Josh Levy is a PhD student at University of Illinois, Urbana-Champaign, who is researching the successive colonial regimes on Pohnpei through food history. His paper, Ideal coconut country: Persuasive coconuts and the scientific plantation in Pohnpei, Micronesia, looked at the German colonial period and the effects of copra production on the Pohnpeian population. Steve Talley, an Otago PhD student’s paper set to Defining indigenous entrepreneurship in the New Hebrides copra trade, and how the opportunities and constraints of the French and British rule moderated the Indigenous peoples’ engagement in the coconut trade.
Holger Droessler‘s Coconuts in Samoa explored how the cultivation of coconuts and production of copra mediated the German colonisers’ attitudes to Samoans, and how Samoans were able to maintain a subsistence economy despite the German desire for greater productivity. Holger is a Visiting Assistant Professor of History at Bard College in New York state. In the last paper, Judy Bennett’s Voices of Rotuma: Enduring Refrain examined the copra trade of Rotuma both in the colonial and post-colonial eras and tensions brought about through the necessity of having to ship its copra through Fiji.
Centre members, Angela Wanhalla and Lachy Paterson, acted as commentators for these papers alongside Adrian Muckle from Victoria University of Wellington. The format of the symposium allowed for extensive discussion of the papers; the plan at this stage is for all the papers to be incorporated into a special journal issue. Thanks to the Hocken Collections for providing the venue for the event, and for the tour of some of their Pacific material. Thanks also to the Otago Museum for a tour of some of its coconut-related holdings.
The Centre would like to congratulate recent successes of our members.
Earlier this month the Royal Society of New Zealand announced the successful applicants for its prestigious Marsden Fund. Centre member, Dr Jane McCabe won a three-year Marsden Fast-Start research grant, valued at $300,000 for her new project “Splitting up the farm? A cross-cultural history of land and inheritance in Aotearoa”.
Jane will be investigating two rural districts at different ends of the country, the Taieri in Otago and the Hokianga in Northland, looking at how people of various ethnic backgrounds owned and inherited land. This project marks a shift in focus from Jane’s previous research around her PhD topic on the “Kalimpong Kids” on teenage Indian migrants sent to New Zealand in the early twentieth century.
Last week Centre director, Professor Tony Ballantyne was awarded the Humanities Aronui Medal by the Royal Society of New Zealand. This medal recognises his work over time in reshaping scholarly thought on British imperial history. In particular Tony has advanced the metaphor of “webs of empire” to explain the nature of the British Empire, that it was less a wagon wheel, with London as the hub, and more like a spider web with multiple interconnections between nodes.
Humanities Aronui Medal: For innovative work of outstanding merit in the humanities. Citation: To Anthony John Ballantyne for reshaping the scholarly interpretation of British imperial history by demonstrating the importance of networks, cultural difference and mobility, and reconstructing the centrality of colonialism and empires in the making of the modern world.
We are also very pleased to note that Professor Hamish Spencer of Genetics Otago, who co-organized the CROCC symposium ““Eugenics in British Colonial Contexts: Australia, Canada, New Zealand and South Africa” in February 2015 was the recipient of the Callaghan Medal “for an outstanding contribution to science communication and raising public awareness of the value of science to human progress” for his work with with Ngai Tāmanuhiri, and the people of Tolaga Bay/Uawa.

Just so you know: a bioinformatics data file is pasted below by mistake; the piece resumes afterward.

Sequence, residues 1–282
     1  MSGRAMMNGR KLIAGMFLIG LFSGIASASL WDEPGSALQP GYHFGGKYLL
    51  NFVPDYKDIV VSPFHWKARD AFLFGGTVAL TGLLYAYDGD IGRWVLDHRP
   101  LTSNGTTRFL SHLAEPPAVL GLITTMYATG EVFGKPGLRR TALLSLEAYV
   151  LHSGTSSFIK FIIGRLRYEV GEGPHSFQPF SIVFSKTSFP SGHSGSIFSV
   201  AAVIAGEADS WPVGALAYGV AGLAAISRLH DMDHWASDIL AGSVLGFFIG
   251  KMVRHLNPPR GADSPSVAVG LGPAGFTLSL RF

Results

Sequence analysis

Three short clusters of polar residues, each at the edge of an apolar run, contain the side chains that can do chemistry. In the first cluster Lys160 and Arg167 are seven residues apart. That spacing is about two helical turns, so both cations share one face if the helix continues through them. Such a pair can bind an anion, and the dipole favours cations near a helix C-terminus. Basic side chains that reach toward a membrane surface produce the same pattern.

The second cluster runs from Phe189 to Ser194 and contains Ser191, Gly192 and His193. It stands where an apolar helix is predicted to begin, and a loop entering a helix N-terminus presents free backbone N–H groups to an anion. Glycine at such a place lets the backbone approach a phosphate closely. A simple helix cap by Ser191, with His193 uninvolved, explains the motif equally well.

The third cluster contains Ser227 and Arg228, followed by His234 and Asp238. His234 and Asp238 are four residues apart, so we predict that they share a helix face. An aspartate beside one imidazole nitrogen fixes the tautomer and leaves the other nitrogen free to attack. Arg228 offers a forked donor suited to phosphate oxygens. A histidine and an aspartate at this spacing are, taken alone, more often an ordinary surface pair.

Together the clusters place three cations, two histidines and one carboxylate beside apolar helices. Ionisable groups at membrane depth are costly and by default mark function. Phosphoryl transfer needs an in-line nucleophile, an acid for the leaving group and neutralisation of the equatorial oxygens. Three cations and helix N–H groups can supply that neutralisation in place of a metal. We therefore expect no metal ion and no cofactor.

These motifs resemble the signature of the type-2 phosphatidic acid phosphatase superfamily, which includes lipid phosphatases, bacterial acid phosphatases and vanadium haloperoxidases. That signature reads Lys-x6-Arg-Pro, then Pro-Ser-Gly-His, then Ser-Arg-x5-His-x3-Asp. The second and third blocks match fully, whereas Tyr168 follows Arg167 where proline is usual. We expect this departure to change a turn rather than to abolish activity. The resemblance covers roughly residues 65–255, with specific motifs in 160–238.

Last but not least, it is wonderful news that Professor Barbara Brookes’, A History of New Zealand Women, has been long-listed for the Illustrated Non-Fiction Award for the 2017 Ockham NZ Books Awards. The judges will announce their shortlist on March 7 next year, and the winner will be announced on May 16 at the Auckland Writers Festival. Her book provides a wide-ranging and comprehensive history of New Zealand as seen from a female perspective. Barbara has long been a leader in the field of New Zealand women’s history, with CROCC honouring her and her work at the “Making Women Visible” conference in February this year.
A Whale of a Difference
Changing Right Whale Culture and the Making of the Tasman World
The Centre is hosting Dr Ryan Tucker Jones of the University of Auckland who will be presenting a seminar on Tasman whaling history in relation to British encounters with Māori and Australian Aborigines.
This will be held: 11am-12.30pm, Tuesday 29 November, History Seminar Room (Burns 2N8). Please feel free to come.
Abstract: “This paper examines the impact that changing right whale cultures had on cross-cultural encounters between British colonists, Aboriginal peoples, and Māori in Australia and New Zealand during the era of bay whaling, c.1805-1850. I argue that historians must take seriously the ways that environments (especially living environments) change in order to understand colonial and indigenous histories, and that comparative histories across the Tasman offers an ideal way to think through and document this history.”
Come along to help launch and celebrate Dr Hugh Morrison’s new book, Pushing the Boundaries: New Zealand Protestants and Overseas Missions, 1827-1939, at the University Book Shop (Great King Street), Friday 8th April, at 5.30pm.
Published by Otago University Press, “Pushing Boundaries is the first book-length attempt to tell the story of the evolution of overseas missionary activity by New Zealand’s Protestant churches from the early nineteenth century up to World War II. In this thought-provoking book, Hugh Morrison outlines how and why missions became important to colonial churches – the theological and social reasons churches supported missions, how their ideas were shaped, and what motivated individual New Zealanders to leave these shores to devote their lives elsewhere.
“Secondly, he connects this local story to some larger historical themes – of gender, culture, empire, childhood and education. This book argues that understanding the overseas missionary activity of Protestant churches and groups can contribute to a more general understanding of how New Zealand has developed as a society and nation.”
Hugh is a historian of missiology, a member of the Centre for Research on Colonial Culture, and a staff member at the College of Education, University of Otago.